Gerald Early

Gerald Early, editor of The Common Reader and a fellow of the American Academy of Arts and Sciences, is Merle Kling Professor of Modern Letters, professor of English and of African and African-American Studies, both in Arts & Sciences, at Washington University in St. Louis. Dr. Early is a native of Philadelphia and earned a BA from the University of Pennsylvania. He earned his MA and PhD from Cornell University.

Posts by Gerald Early

Colin Kaepernick, Kneeling, and the Meaning of Gratitude

In some ways, the current wave of African-American football players kneeling during the National Anthem replicates the Bebop revolution that changed the public persona of the black male jazz musician. Now it is black players demanding that audiences recognize that their attitude is not the same as their white peers.

Don’t Fence Me In

The Working Class Republican is thesis-ridden, repetitive, and does what any “Gospel According to … ” book does: it gives all the best lines to the Messiah-figure, in this case, Reagan.

Winning One for the Gipper

The story of the rise of Reagan is the story of the successful rise of movement conservatism through rebranding the Republican Party. As Shirley writes astutely, if somewhat glowingly, in Reagan Rising: “In fact, the party was broadening the base by narrowing the appeal. Instead of trying to be all things to all people, the GOP, with Reagan’s gutsy leadership, was becoming one thing to all people.”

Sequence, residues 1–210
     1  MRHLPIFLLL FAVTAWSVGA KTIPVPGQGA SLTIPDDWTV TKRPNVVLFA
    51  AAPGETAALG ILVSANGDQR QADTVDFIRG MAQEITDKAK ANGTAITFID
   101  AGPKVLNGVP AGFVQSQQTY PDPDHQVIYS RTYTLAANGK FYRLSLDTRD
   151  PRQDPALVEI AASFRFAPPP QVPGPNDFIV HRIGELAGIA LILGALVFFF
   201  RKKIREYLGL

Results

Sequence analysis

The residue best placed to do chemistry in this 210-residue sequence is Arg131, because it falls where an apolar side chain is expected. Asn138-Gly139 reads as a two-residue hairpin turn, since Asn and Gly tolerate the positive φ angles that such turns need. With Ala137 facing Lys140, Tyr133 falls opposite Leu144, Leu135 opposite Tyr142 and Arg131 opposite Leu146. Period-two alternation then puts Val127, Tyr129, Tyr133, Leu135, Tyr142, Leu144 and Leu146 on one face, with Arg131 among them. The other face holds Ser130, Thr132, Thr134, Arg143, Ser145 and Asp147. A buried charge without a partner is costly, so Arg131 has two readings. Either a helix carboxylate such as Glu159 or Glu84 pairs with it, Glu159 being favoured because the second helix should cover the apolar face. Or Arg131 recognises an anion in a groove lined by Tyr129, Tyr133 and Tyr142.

My Mother, The Star

I now think about my mother every day. I did not do this before she came to St. Louis to live. There was, in fact, a stretch of years when I did not think about her much at all …

A Tough Cop’s Patriotic Gore

Cop Under Fire is a rambling monologue, aggressively expressed if not always cogently persuasive as a set of arguments. It would serve Clarke adequately as a campaign book as it expounds his policy views in a number of areas, some only tangentially related, at best, to law enforcement.

Editor’s Note

Maybe money changed us a long time ago and there is really nothing it can do for us now as it is, in the human mind, both everything and nothing.

The Revolution That Got Televised

William F. Buckley and Gore Vidal were each other’s opposite because they were nearly identical twins in many respects. As a result, their 1968 confrontations would establish the template for televised political exchanges of the future.

The Conservative’s Dilemma

Trump’s slash-and-burn march to the White House, one of the most stunning accomplishments in the annals of American politics no matter how loathsome the man may be to so many, ended the dynastic claims of two powerful political families: The Republican Bushes and the Democrat Clintons.